Elegant Enigmas, the major exhibition of work by Edward Gorey, is currently pirouetting from one museum to another in Japan. During its overseas excursion, there are still places to see exhibitions of Mr. Gorey's works.
The Cranbrook Art Museum has just opened Unsettled, The Work of Edward Gorey which will remain on display through March 12, 2017. The Museum is part of The Cranbrook Academy of Art, a graduate level arts institution, and is located in Bloomfield Hills, Michigan.
An anonymous alumnus of the institution has recently donated their Edward Gorey collection to the museum, and this is the core of this exhibition. The museum's website announcement about the exhibition can be found HERE, and an article about the show can be found HERE.
Wednesday, September 14, 2016
National Post Card Week began in 1984 with the idea that the International Federation of Postcard Dealers and different clubs would create and send cards to celebrate the postcard and promote postcard collecting as a hobby.
This wonderful image of a man and his dog caught in a whirlwind of swirling postcards is the first of 13 cards created by Edward Gorey to promote the event. The Gotham Book Mart mounted an annual exhibition of antique and unique post cards in their gallery. I am slowly adding to my collection of these announcement cards.
Wednesday, September 7, 2016
Edward Gorey created covers for many periodicals over the course of his long career, including this wonderful 1975 image for the May 19th issue of Publishers Weekly. The issue celebrates the Diamond Jubilee of the American Booksellers Association (ABA), and includes an article about their annual convention.
This whimsical cover acknowledges the passion of authors, especially when pitching their unique stories to book publishers. Each character holds their beloved, if slightly eccentric volume aloft for consideration by the ABA Angel (or bat as the case may be) who hovers above, taking notes. Mr. Gorey even makes fun of his own self published works with the barefoot, bearded man in the center offering his diaries in a "limited edition of 11 copies with an original color shapshot pasted into each one".
The original artwork for this cover is currently available from Bromer Booksellers, Here.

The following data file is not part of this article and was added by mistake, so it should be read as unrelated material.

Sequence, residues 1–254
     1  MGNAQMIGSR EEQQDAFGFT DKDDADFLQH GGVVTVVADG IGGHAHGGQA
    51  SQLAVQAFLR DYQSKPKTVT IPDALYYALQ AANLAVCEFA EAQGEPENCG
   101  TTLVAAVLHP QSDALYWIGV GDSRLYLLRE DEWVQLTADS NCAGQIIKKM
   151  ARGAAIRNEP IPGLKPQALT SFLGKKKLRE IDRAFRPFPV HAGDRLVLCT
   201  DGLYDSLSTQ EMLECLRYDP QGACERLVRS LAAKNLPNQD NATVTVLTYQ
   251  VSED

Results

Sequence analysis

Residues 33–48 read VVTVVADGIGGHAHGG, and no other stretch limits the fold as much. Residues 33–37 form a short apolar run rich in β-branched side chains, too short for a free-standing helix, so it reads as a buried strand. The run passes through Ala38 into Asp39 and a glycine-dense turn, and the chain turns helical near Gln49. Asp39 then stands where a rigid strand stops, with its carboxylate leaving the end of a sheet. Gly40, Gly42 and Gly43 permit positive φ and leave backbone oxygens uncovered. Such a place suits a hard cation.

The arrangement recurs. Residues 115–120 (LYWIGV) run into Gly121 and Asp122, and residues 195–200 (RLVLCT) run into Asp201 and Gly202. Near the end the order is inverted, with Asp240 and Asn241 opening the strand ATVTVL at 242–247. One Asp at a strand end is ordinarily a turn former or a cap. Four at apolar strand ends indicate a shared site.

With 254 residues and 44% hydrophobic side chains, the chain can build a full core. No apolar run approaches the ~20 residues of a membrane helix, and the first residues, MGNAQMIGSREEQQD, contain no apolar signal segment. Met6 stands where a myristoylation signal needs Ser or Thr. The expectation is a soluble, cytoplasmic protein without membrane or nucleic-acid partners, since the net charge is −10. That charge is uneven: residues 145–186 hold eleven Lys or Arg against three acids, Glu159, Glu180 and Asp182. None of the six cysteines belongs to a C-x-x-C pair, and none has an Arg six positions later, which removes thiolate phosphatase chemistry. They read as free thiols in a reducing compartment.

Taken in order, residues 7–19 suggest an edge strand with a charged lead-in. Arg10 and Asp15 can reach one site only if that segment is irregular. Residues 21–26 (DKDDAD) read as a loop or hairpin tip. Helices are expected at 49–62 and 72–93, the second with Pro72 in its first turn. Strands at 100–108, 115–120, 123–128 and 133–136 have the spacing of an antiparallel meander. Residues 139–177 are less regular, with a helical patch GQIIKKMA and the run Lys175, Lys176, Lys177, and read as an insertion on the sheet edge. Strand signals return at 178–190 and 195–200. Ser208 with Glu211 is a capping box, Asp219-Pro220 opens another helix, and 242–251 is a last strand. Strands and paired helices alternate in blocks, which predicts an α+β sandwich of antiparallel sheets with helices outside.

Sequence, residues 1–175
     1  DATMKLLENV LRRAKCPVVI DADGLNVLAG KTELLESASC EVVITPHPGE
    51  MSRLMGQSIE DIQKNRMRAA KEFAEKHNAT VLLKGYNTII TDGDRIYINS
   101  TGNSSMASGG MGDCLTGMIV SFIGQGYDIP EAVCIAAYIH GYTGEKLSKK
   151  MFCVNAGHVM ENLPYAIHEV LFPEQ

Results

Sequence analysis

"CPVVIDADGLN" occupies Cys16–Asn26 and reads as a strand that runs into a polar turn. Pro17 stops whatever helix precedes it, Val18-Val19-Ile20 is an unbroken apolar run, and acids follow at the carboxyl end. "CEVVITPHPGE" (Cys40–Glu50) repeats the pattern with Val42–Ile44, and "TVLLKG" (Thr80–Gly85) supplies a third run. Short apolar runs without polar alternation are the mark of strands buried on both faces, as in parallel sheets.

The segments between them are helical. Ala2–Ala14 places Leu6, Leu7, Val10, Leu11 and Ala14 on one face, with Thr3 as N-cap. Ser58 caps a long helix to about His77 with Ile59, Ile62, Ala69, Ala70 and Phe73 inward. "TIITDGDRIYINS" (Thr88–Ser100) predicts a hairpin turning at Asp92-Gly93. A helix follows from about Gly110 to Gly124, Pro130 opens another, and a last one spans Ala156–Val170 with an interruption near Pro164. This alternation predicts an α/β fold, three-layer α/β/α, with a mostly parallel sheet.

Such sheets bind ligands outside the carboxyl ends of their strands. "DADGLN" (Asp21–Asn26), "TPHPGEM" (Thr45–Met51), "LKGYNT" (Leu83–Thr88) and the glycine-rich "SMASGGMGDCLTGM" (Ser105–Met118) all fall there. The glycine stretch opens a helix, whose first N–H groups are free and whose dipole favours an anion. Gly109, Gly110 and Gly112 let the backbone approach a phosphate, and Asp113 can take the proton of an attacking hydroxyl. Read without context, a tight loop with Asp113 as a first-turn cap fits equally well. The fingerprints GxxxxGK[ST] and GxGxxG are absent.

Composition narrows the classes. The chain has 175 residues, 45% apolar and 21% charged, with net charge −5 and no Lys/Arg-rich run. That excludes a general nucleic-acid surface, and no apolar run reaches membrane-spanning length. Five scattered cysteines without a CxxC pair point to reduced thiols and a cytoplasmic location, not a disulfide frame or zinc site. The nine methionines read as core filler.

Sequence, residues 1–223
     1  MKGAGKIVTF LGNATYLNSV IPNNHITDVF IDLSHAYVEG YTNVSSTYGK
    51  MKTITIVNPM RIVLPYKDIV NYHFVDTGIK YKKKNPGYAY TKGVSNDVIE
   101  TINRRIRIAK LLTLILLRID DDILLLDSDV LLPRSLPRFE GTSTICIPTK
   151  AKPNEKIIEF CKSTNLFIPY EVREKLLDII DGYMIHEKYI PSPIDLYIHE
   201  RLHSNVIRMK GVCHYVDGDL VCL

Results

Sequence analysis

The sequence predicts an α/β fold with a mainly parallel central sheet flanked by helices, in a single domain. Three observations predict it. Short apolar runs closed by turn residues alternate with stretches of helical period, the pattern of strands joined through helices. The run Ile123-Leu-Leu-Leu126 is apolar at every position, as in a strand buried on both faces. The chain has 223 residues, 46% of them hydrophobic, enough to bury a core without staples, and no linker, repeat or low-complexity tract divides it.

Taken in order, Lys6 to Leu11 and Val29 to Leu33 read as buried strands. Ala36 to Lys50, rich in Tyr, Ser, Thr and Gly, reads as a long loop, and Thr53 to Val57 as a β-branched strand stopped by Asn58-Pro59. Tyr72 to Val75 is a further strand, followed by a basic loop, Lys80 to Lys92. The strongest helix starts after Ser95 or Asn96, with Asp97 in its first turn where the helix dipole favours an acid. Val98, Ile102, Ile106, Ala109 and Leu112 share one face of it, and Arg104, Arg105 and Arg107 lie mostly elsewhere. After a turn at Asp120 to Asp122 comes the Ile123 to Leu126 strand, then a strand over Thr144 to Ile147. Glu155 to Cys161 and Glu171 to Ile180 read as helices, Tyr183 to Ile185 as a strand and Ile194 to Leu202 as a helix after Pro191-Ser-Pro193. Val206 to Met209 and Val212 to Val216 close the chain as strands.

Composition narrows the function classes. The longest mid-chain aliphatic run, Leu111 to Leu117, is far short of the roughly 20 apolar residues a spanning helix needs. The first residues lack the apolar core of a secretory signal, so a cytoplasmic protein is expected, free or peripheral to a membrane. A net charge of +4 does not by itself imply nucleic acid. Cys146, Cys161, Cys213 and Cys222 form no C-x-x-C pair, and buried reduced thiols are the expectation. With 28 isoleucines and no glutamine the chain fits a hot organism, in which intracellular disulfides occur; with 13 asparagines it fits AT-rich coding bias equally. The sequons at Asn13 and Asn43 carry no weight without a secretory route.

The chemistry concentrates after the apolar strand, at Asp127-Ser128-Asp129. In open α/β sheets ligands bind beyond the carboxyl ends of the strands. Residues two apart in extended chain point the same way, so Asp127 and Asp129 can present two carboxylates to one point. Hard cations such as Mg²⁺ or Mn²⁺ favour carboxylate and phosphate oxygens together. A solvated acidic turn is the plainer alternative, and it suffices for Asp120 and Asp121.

Tuesday, August 30, 2016
The Tale of Genji by Lady Murasaki. While working at Anchor Doubleday, Mr. Gorey was responsible for the cover typography on this title (the copy shown above is not in my personal collection).
Largely regarded as the first "modern" novel, this work of Japanese literature was written in the early years of the 11th century and is attributed to a lady of the imperial court. Genji has a large cast of characters and a story that includes a number families and spans many years.
Genji, has been translated multiple times, and this is no small undertaking. With over four hundred individual characters, the task of translation becomes daunting when one realizes that none of the characters in the original manuscript are given proper names. Due to court etiquette, all characters are referred to only by their titles or functions, and multiple characters have overlapping titles and functions! Add this to the fact that many of the original Japanese words have multiple meanings which are open to interpretation, and a translator has their work cut out for them.
This is the kind of ambiguity that Edward Gorey reveled in and was inspired by. Mr. Gorey had multiple copies of The Tale of Genji in his personal library. These copies, along with the more than 21,000 books in his home at the time of his death, are in the permanent special collections of San Diego University. The university has been cataloging all the books and information about the collection can be found HERE.